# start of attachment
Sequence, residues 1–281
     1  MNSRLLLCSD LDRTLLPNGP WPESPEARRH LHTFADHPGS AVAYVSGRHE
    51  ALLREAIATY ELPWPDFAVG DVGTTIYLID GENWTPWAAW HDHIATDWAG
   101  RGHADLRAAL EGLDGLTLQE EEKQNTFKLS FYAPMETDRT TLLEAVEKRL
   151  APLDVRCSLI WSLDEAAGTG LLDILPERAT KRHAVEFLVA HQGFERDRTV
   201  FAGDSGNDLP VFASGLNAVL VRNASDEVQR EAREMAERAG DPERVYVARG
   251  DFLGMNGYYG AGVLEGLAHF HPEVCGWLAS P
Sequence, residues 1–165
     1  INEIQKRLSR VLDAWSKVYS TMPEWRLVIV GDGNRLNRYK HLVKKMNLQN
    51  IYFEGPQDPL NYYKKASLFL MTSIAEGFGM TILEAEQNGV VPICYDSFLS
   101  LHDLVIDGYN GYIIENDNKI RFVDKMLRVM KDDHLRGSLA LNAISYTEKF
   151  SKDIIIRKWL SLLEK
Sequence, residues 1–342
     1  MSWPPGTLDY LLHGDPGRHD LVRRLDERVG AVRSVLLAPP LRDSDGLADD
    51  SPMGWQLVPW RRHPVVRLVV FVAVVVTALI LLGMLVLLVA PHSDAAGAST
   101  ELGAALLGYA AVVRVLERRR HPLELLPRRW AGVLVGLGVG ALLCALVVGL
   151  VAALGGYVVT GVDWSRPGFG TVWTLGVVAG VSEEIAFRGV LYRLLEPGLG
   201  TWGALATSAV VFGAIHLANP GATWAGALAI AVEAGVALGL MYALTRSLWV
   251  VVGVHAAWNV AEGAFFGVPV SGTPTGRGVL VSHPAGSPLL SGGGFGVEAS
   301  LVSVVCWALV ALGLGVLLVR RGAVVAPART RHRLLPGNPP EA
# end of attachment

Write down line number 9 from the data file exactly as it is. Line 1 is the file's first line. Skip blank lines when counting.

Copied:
     1  INEIQKRLSR VLDAWSKVYS TMPEWRLVIV GDGNRLNRYK HLVKKMNLQN